Now that the ink is dry on the American Recovery and Reinvestment Act of 2009, and its hundreds of pages of pricey provisions somewhat deciphered, it appears that the stimulus bill includes little to aid builders’ balance sheets, accountants say.
“It’s not as good as it could have been,” summarized Steve Friedman, national director of home building services for Ernst & Young.
Of biggest note, a provision that would have allowed all companies, not just builders, to carry back their losses for five years and collect refunds from taxes paid during profitable years was eliminated for all but small businesses.
And, while many smaller builders might qualify for the carry-back extension if they have receipts of less than $15 million a year, the extension only lasts for 2008. In addition, because of the way most are structured, as tax pass-through companies, S corporations, or LLCs, the effect is expected to be limited, said Friedman.
Larger production builders, who establish smaller separate companies to develop in different markets, also would not be able to qualify for the carry-back on each of their smaller companies because of an “affiliate test,” said Friedman.
While the carry-back for small businesses isn’t likely to help as many builders as when it was initially proposed, Lisa M. Jackson, vice president of John Burns Real Estate, said it could provide some assistance to their small trade partners. “The silver lining is that it’s likely to provide some benefit to the trades that serve the industry. Keeping some of them in business ultimately supports not just housing but the general economy,” she said.
But a less-known provision in the stimulus plan could help some builders restructure their balance sheets. The title of this financial tool is a mouthful—“the deferral and ratable inclusion of income arising from business indebtedness discharged by the reacquisition of a debt instrument”—but it’s worth understanding for builders in this troubled housing market and economy.
Here’s how it works: If a company manages to cut its debt, either by buying back its bonds at less than what it sold them for or by convincing its bankers to accept less to repay a loan, the difference between the amount of the original debt and the new debt is taxable at a corporate rate of 36%.
Under a new provision in the stimulus plan the taxes on that “forgiven” debt may be deferred until 2014 and then paid back in yearly installments of 20% ending in 2019 if the debt is bought back in the two years, from Jan. 1, 2009 until Dec. 31, 2010.
This would allow a company which has bond debt that is trading for less than the company paid for it to buy back the bonds at a lower price. This would essentially lower the company’s indebtedness and defer any tax consequences for four to five years.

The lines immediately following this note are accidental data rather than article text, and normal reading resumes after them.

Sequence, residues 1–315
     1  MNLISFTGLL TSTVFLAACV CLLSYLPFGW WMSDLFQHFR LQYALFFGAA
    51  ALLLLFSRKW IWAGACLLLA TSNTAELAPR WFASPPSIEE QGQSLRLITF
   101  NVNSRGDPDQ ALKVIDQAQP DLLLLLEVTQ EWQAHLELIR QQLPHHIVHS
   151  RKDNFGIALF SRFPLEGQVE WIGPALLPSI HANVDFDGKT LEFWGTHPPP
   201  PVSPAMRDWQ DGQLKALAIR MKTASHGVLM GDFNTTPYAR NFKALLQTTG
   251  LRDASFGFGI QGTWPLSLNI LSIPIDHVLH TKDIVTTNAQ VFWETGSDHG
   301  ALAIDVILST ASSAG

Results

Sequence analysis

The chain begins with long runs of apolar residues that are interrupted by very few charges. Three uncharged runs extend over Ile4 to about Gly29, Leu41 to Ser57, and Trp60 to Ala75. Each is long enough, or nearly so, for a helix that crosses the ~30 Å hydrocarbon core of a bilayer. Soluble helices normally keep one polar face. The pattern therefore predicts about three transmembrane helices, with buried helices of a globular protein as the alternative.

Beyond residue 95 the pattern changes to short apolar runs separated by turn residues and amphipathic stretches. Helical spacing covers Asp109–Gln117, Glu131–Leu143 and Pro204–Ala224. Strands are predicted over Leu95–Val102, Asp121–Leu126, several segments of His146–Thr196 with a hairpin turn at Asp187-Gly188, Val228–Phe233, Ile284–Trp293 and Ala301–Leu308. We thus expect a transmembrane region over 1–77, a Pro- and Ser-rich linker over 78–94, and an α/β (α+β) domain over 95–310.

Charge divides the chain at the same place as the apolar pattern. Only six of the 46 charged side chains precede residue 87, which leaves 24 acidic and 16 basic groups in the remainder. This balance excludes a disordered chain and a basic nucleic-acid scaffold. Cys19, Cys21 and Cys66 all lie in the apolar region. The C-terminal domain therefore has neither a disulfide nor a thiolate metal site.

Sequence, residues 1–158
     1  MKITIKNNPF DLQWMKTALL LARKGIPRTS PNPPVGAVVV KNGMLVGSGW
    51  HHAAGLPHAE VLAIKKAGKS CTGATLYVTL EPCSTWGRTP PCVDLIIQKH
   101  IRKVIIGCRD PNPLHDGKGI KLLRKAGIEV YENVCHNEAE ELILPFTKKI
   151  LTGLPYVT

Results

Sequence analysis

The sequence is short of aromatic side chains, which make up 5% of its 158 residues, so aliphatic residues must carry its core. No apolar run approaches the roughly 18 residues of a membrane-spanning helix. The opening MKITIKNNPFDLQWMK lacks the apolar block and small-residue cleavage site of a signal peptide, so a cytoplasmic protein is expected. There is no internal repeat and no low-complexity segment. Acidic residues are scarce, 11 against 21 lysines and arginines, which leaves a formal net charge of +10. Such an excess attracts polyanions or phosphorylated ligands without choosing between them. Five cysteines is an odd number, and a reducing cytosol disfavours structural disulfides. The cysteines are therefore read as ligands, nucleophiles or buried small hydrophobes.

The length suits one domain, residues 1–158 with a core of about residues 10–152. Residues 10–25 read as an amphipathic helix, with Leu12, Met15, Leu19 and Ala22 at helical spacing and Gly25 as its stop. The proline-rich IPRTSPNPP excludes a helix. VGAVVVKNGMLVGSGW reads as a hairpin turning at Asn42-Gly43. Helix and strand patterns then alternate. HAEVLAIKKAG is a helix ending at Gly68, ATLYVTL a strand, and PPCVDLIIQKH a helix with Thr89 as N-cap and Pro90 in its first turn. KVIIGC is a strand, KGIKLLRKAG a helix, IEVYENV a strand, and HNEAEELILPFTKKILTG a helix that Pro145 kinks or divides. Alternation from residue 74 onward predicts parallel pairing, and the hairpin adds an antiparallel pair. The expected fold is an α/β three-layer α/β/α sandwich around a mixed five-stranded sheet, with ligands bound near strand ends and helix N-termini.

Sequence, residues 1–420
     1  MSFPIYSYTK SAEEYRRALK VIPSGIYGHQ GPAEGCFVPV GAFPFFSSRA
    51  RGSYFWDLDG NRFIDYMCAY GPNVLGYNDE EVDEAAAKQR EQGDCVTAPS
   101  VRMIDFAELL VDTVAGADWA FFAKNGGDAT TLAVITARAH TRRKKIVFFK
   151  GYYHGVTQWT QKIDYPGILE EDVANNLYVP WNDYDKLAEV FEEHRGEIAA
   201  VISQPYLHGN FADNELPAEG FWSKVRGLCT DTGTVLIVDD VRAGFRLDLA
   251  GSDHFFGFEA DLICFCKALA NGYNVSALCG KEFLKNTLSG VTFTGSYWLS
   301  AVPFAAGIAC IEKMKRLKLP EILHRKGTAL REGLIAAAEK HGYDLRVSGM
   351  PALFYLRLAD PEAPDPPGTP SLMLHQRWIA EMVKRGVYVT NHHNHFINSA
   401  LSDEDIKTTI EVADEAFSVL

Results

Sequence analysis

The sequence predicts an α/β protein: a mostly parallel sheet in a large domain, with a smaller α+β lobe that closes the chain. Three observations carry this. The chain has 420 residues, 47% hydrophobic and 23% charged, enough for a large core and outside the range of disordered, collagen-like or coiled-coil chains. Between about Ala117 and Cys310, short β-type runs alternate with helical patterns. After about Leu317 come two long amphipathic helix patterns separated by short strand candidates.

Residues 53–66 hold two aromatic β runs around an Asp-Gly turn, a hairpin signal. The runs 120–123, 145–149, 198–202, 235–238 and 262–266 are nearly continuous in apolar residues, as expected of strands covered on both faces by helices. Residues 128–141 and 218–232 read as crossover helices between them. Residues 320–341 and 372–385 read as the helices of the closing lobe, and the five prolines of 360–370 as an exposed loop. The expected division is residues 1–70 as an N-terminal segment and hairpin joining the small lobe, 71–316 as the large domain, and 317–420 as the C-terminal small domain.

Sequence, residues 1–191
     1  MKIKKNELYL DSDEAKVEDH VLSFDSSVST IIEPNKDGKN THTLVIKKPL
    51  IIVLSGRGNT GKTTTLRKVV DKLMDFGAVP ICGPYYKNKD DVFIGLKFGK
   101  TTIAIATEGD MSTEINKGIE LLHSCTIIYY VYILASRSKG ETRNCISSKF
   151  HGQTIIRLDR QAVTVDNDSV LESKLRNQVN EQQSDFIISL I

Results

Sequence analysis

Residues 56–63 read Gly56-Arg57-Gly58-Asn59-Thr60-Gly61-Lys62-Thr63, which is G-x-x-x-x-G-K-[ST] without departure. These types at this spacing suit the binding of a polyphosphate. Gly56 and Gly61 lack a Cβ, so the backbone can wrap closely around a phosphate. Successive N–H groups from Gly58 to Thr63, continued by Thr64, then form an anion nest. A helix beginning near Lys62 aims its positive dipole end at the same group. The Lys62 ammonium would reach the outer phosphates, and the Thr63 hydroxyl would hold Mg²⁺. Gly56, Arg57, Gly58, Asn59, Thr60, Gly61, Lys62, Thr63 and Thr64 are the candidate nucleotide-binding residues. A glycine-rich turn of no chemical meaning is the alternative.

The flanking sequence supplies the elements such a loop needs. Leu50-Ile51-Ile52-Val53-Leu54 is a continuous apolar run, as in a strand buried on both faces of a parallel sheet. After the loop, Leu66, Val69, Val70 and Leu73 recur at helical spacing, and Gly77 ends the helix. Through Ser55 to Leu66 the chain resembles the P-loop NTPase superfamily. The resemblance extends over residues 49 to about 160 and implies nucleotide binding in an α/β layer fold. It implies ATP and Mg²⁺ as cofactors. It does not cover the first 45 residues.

Private builders theoretically could also take advantage of the tax code change to lower their debts by persuading their bankers to take less than the full value of a loan. If that loan happened to secure property, the builder could then sell the property for less than the loan and generate much-needed cash with deferred tax consequences.
Obviously, lowering debt helps the balance sheet of a company, especially if there are no tax consequences for at least four years. “But if your strategy is cash preservation, then you are going to have to do an analysis as to which is better,” said Friedman.
That’s because advantage of the debt forgiveness clause can have costs of its own. It takes cash to buy back the bonds and bank debt. For builders who have been hoarding cash to hold them over until the market turns, this provision may not be particularly useful.
“Right now everybody is looking for more liquidity,” said Albert Pisanelli, corporate tax director for Orleans Homes. “Yeah, you could buy your debt down … but at the end of the day, if you are not selling anything, you still need to pay our bills.”
Besides, Pisanelli said, most builders have such high losses that they would be able to offset any gains from loan forgiveness anyway.
Jackson of John Burns agreed that the provision is something of a mixed blessing for builders. “Reducing debt obligations, either through renegotiations or repurchasing at a discount could allow some to restructure their balance sheets,” she noted. “That being said, liquidity is so critical at a time like this, builder executives would have to really weigh the pros and cons of this. There is still no clarity about the length of the downturn, and those that do have cash have worked hard to get it. They may decide it’s more prudent to keep their acorns squirreled away.”